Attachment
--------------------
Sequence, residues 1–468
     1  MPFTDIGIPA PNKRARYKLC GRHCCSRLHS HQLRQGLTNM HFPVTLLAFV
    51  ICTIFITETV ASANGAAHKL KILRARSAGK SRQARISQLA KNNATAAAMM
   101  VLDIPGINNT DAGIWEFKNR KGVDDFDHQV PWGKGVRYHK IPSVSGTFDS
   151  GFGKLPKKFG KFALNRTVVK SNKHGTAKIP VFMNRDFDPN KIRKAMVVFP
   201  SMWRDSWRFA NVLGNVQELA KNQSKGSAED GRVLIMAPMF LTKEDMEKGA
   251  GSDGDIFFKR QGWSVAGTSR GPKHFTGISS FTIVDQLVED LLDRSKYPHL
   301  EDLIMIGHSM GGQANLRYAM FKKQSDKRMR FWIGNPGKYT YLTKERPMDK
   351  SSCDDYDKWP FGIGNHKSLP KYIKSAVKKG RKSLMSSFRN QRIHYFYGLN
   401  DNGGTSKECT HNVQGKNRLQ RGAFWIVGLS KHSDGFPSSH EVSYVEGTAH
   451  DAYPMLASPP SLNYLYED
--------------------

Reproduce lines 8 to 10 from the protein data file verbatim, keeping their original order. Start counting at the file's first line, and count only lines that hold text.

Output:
   301  EDLIMIGHSM GGQANLRYAM FKKQSDKRMR FWIGNPGKYT YLTKERPMDK
   351  SSCDDYDKWP FGIGNHKSLP KYIKSAVKKG RKSLMSSFRN QRIHYFYGLN
   401  DNGGTSKECT HNVQGKNRLQ RGAFWIVGLS KHSDGFPSSH EVSYVEGTAH